Recognized forms include: 2 2:00 15:00 1:28:14 time in time in 24-hour time in hours hours and minutes format time (for times after noon) hours. and hour 24 is midnight at the end of the day. Recognized forms include: 5 lastSun lastMon Sun>=8 Sun<=25 the fifth of the month the last Sunday in the month the last Monday in the month first Sunday on or after the eighth last Sunday on or before the 25th Names of days of the week may be abbreviated or spelled out in full. SAVE Give the amount of time to be added to local standard time when the rule is in effect. `s' if the given time is local ``standard'' time. in the absence of an indicator. If this field is -. ON Give the day on which the rule takes effect. AT Give the time of day at which the rule takes effect. This is the name used in creating the time conversion information file for the zone. of course. GMTOFF The amount of time to add to UTC to get standard time in this zone. RULES/SAVE The name of the rule(s) that apply in the time zone or. the ``S'' or ``D'' in ``EST'' or ``EDT'') of time zone abbreviations to be used when this rule is in effect. and seconds where hour 0 is midnight at the start of the day. This field has the same format as the AT and SAVE fields of rule lines. begin the field with a minus sign if time must be subtracted from UTC. the variable part is null.IN Name the month in which the rule takes effect. If this . or `u' (or `g' or `z') if the given time is universal time. alternately. an amount of time to add to local standard time. A zone line has the form: Zone NAME GMTOFF RULES/SAVE FORMAT [UNTILYEAR [MONTH [DAY [TIME]]]] For example: Zone Australia/Adelaide 9:30 Aus CST 1971 Oct 31 2:00 The fields that make up a zone line are: NAME The name of the time zone. Note that there must be no spaces within the ON field. LETTER/S Give the ``variable part'' (for example. minutes. Any of these forms may be followed by the letter `w' if the given time is local ``wall clock'' time. This field has the same format as the AT field (although. Month names may be abbreviated. the `w' and `s' suffixes are not used). wall clock time is assumed.

ON. If this is specified. this has the same form as a zone line except that the string ``Zone'' and the name are omitted. a day. The R/S field should be (an abbreviation of) ``Stationary'' if the leap second time given by the other fields should be interpreted as UTC or (an abbreviation of) ``Rolling'' if the leap second time given by the other fields should be interpreted as local wall clock time. EXTENDED EXAMPLE Here is an extended example of zic input. and time of day have the same format as the IN. DAY. The month. # Rule Rule Rule Rule Rule Rule Rule Rule Rule NAME Swiss Swiss Swiss Swiss EU EU EU EU FROM 1940 1940 1941 1941 1977 1977 1978 1979 TO only only 1942 1942 1980 only only 1995 TYPE - IN Nov Dec May Oct Apr Sep Oct Sep ON 2 31 Sun>=1 Sun>=1 Sun>=1 lastSun 1 lastSun AT 0:00 0:00 2:00 0:00 1:00u 1:00u 1:00u 1:00u SAVE 1:00 0 1:00 0 1:00 0 0 0 LETTER/S S S S - . Lines in the file that describes leap seconds have the following form: Leap YEAR MONTH DAY HH:MM:SS CORR R/S For example: Leap 1974 Dec 31 23:59:60 + S The YEAR. indicating that the next line is a further continuation. Alternately. A link line has the form Link LINK-FROM LINK-TO For example: Link Europe/Istanbul Asia/Istanbul The LINK-FROM field should appear as the NAME field in some zone line. lines may appear in any order in the input. Continuation lines may contain until information. and default to the earliest possible value for the missing fields. The pair of characters %s is used to show where the ``variable part'' of the time zone abbreviation goes. just as zone lines do. intended to illustrate many of its features.field is . and AT fields of a rule. a month. The CORR field should be ``+'' if a second was added or ``-'' if a second was skipped. FORMAT The format for time zone abbreviations in this time zone. the time zone information is generated from the given UTC offset and rule change until the time specified. a slash (/) separates standard and daylight abbreviations. MONTH. and a time of day. and HH:MM:SS fields tell when the leap second happened.then standard time always applies in the time zone. the LINK-TO field is used as an alternate name for that zone. The next line must be a ``continuation'' line. day. trailing fields can be omitted. UNTILYEAR [MONTH [DAY [TIME]]] The time at which the UTC offset or the rule(s) change for a location. as the continuation line will place information starting at the time specified as the until information in the previous line in the file used by the previous line. It is specified as a year. Except for continuation lines.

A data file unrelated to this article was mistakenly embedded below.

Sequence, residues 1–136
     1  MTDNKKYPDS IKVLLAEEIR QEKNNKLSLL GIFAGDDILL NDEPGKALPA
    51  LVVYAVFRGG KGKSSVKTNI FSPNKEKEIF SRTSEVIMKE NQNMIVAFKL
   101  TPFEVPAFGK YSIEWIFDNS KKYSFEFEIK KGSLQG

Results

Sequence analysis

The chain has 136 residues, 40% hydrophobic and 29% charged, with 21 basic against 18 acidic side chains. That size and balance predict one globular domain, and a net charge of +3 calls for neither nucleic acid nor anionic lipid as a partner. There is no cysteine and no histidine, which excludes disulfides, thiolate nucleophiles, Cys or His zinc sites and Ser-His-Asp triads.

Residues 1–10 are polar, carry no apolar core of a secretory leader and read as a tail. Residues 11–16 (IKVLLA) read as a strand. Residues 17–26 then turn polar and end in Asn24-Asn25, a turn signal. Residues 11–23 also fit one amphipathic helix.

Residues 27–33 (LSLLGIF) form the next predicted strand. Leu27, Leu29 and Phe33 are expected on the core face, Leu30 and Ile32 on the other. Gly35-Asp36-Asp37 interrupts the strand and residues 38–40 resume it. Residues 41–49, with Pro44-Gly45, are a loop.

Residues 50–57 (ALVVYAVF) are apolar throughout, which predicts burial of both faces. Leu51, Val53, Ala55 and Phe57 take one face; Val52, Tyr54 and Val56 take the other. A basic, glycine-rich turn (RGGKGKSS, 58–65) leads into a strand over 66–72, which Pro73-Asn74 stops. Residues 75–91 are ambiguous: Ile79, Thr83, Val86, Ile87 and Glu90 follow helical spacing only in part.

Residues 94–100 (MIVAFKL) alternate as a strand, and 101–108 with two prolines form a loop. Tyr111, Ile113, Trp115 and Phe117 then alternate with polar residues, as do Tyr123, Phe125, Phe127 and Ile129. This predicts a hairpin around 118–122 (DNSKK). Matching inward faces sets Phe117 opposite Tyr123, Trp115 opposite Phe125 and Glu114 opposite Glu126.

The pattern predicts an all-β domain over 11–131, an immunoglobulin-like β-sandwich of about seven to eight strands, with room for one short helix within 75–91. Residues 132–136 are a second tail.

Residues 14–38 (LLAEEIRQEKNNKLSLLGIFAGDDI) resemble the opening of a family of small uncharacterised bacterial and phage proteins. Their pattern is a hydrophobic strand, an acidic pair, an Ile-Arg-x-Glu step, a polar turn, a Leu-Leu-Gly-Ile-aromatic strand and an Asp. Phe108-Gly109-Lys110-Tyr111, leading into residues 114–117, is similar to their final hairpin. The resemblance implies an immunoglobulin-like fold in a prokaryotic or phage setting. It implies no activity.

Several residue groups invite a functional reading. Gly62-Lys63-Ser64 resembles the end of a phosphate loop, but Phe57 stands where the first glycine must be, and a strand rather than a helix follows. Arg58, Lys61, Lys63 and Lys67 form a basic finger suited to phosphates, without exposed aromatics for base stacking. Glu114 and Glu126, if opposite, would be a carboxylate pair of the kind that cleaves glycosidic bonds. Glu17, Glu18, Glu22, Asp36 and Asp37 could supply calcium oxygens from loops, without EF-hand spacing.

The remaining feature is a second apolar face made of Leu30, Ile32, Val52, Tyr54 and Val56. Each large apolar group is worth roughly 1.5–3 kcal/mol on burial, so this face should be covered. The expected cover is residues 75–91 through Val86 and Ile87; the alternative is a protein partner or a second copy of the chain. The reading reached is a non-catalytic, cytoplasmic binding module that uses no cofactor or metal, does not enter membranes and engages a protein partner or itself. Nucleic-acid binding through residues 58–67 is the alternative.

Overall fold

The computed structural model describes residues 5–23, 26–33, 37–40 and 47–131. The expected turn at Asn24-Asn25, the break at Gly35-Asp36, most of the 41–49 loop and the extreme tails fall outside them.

In 1940. EU daylight saving rules have applied. daylight saving time applied from the first Sunday in May at 02:00 to the first Sunday in October at 00:00. . Until 1995 it ended the last Sunday in September at 01:00 UTC. zic produces a single transition to daylight saving at the new UTC offset (without any change in wall clock time). and the GMT offset became one hour. NOTES For areas with more than two types of local time. respectively. but this changed to the last Sunday in October starting in 1996. when the offset changed to 29 minutes and 44 seconds. daylight saving has begun on the last Sunday in March at 01:00 UTC. "LMT" and "BMT" were initially used. For purposes of display. If. a clock advance caused by the start of daylight saving coincides with and is equal to a clock retreat caused by a change in UTC offset. To get separate transitions use multiple zone continuation lines specifying transition instants using universal time. the display name for the timezone has been CET for standard time and CEST for daylight saving time.Rule Rule EU EU 1981 max 1996 max - # Zone NAME GMTOFF Zone Europe/Zurich 0:34:08 0:29:44 1:00 1:00 Link Mar lastSun 1:00u 1:00 S Oct lastSun 1:00u 0 RULES Swiss EU FORMAT LMT BMT CE%sT CE%sT UNTIL 1848 Sep 12 1894 Jun 1981 Europe/Zurich Switzerland In this example. but are included for completeness. Since 1981. the zone is named Europe/Zurich but it has an alias as Switzerland. and the UTC offset has remained at one hour. Zurich was 34 minutes and 8 seconds west of GMT until 1848-09-12 at 00:00. daylight saving time applied from November 2 at 00:00 to December 31 at 00:00. Since Swiss rules and later EU rules were applied. After 1894-06-01 at 00:00 Swiss daylight saving rules (defined with lines beginning with "Rule Swiss") apply. you may need to use local standard time in the AT field of the earliest transition time's rule to ensure that the earliest transition time recorded in the compiled file is correct. From 1981 to the present. for a particular zone. In 1941 and 1942. The pre-1981 EU daylight-saving rules have no effect here.